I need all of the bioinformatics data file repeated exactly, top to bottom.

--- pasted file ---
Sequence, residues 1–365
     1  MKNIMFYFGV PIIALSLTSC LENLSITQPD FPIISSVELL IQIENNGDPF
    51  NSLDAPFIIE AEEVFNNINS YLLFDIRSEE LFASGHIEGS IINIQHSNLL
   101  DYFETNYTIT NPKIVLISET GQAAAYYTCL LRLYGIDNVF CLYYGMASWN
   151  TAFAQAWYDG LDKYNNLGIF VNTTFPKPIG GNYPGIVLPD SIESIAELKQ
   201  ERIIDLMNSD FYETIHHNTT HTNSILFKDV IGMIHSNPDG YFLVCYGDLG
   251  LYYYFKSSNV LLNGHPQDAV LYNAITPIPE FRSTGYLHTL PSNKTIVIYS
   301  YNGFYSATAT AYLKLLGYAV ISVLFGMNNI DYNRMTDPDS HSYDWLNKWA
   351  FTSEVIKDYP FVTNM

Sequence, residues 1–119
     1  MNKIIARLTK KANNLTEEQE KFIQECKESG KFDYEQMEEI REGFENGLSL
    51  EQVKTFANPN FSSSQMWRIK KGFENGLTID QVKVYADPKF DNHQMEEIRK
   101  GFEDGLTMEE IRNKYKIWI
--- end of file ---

Sequence, residues 1–365
     1  MKNIMFYFGV PIIALSLTSC LENLSITQPD FPIISSVELL IQIENNGDPF
    51  NSLDAPFIIE AEEVFNNINS YLLFDIRSEE LFASGHIEGS IINIQHSNLL
   101  DYFETNYTIT NPKIVLISET GQAAAYYTCL LRLYGIDNVF CLYYGMASWN
   151  TAFAQAWYDG LDKYNNLGIF VNTTFPKPIG GNYPGIVLPD SIESIAELKQ
   201  ERIIDLMNSD FYETIHHNTT HTNSILFKDV IGMIHSNPDG YFLVCYGDLG
   251  LYYYFKSSNV LLNGHPQDAV LYNAITPIPE FRSTGYLHTL PSNKTIVIYS
   301  YNGFYSATAT AYLKLLGYAV ISVLFGMNNI DYNRMTDPDS HSYDWLNKWA
   351  FTSEVIKDYP FVTNM

Sequence, residues 1–119
     1  MNKIIARLTK KANNLTEEQE KFIQECKESG KFDYEQMEEI REGFENGLSL
    51  EQVKTFANPN FSSSQMWRIK KGFENGLTID QVKVYADPKF DNHQMEEIRK
   101  GFEDGLTMEE IRNKYKIWI